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ANA specific corrosion problem found in 787 Rolls Royce engines

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posted on Aug, 25 2016 @ 05:56 PM
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ANA canceled 9 flights on Friday, and faces more than 300 cancellations through the end of September due to a corrosion problem found in their 787 Rolls Royce engines. The problem was found in a flight from Kuala Lumpur, where the aircraft reported a high EGT reading. They returned to the airport and found corrosion in the medium pressure turbine. Since then the problem has been found in several other engines.

The problem appears to be specific to ANA, which uses the aircraft on short haul flights. The engines face higher than usual temperature stresses during takeoff and climb, with shorter times at cruising altitude. The engine is designed for flights up to 10 hours, and the short flights ANA uses them for face higher than normal incidences of sulfidation corrosion. The problem is not in the turbine itself, and doesn't appear to present a safety of flight issue, beyond the possibility of having to shut an engine down.


ANA Holdings Inc. is canceling flights as the world’s biggest operator of Boeing Co.’s 787 Dreamliner checks for corrosion in the jet’s Rolls-Royce Holdings Plc engines.
The Japanese airline canceled nine flights scheduled for its 50-jet Dreamliner fleet for Friday and may scrub more than 300 trips through the end of September as it deals with cracking in the medium-pressure turbines of the Trent 1000 engines, Takeo Kikuchi, a deputy senior vice president of engineering and maintenance, told reporters Thursday in Tokyo.
The disruption is the largest 787-related miscue for ANA since 2013, when Boeing and regulators grounded the global Dreamliner fleet after lithium-ion batteries caught fire on two jets. About 38 percent of the 787s in service are powered by the Trent 1000, while the rest are outfitted with General Electric Co. engines.
The latest problem came to the fore as ANA investigated why a 787 engine overheated during a February flight. That jet returned to Kuala Lumpur airport after receiving a warning that the temperature of the exhaust gas from its right engine had spiked. ANA has encountered corrosion in turbines since then, most recently on Aug. 20.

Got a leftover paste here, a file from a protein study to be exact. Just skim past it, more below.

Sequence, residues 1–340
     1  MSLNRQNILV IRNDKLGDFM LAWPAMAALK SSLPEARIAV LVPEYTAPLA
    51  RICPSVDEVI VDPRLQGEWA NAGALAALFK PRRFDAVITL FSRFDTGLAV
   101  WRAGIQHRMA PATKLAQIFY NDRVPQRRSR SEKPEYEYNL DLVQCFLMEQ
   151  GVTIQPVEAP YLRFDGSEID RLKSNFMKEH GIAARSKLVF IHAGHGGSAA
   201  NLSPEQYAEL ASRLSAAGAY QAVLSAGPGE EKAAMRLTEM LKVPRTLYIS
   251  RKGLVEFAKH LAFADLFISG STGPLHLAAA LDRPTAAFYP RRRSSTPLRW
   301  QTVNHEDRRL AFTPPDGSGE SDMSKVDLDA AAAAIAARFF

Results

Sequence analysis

www.bloomberg.com...




posted on Aug, 25 2016 @ 09:47 PM
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Why would they be using 787s for short haul? It cant make economical sense can it?



posted on Aug, 25 2016 @ 10:00 PM
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a reply to: Pyle

They use them on domestic and shorter routes due to the lower operating costs and higher seat counts over other aircraft. It also gives the crews an opportunity to familiarize themselves with the aircraft before flying the longer international routes they operate on. They also get the opportunity to break the aircraft in where if there's a problem they can fix it easier, and cheaper.
edit on 8/25/2016 by Zaphod58 because: (no reason given)



posted on Aug, 25 2016 @ 10:03 PM
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a reply to: Zaphod58

Fair enough, I always assumed that the 787s only really made money on long haul.



posted on Aug, 25 2016 @ 10:07 PM
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a reply to: Pyle

They're best suited for long haul flights, but they make at least a little money on shorter flights compared to other aircraft.



posted on Aug, 26 2016 @ 11:37 AM
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They actually looked at an all economy A380 to transport domestic Japanese flights, like a massive bus. Idea was scrapped, but yeah, they operate a little different.



posted on Aug, 26 2016 @ 11:39 AM
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a reply to: cosmania

With the passenger counts they run some years, they have to really. But they're smart enough to make it work for them.



posted on Aug, 27 2016 @ 10:46 PM
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a reply to: cosmania
Yeah because it was a terrible idea.

Flogging 380's with high cycle short sectors would be a recipe for broken aircraft. Not to mention bankruptcy, regardless of which engine you use. A 777SR would be a far better idea as they just keep on rolling along, not much breaks on them. A 777 is also quite a bit cheaper last time I looked and with the "X" models coming will be even more economical. Failing that you could always revisit the 747SR in -8 Intercontinental form. However Boeing's MoM concept is what this kind of market segment is really being targeted by.



posted on Aug, 28 2016 @ 10:26 PM
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Ooops another one.Maybe not a Roller though..
737 loses engine



posted on Aug, 29 2016 @ 02:45 AM
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a reply to: Blackfinger

All 737s use the CFM56.



posted on Aug, 29 2016 @ 03:01 AM
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Isn't Japan a unique situation where they are limited in the number of aircraft the infrastructure can handle, so they use larger aircraft?
edit on 29/8/16 by C0bzz because: (no reason given)



posted on Aug, 29 2016 @ 03:04 AM
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a reply to: C0bzz

On some routes. They have quite a few 737NGs and smaller Airbus, but some of their routes need larger aircraft.



posted on Sep, 1 2016 @ 10:35 AM
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Oh oh, that's not good for Rolls or ANA. ANA replacing all the Rolls engines on their 787's:

www.theguardian.com...



posted on Sep, 1 2016 @ 11:06 AM
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a reply to: Sammamishman

Looks like they're sticking with Rolls though, from the wording of articles.




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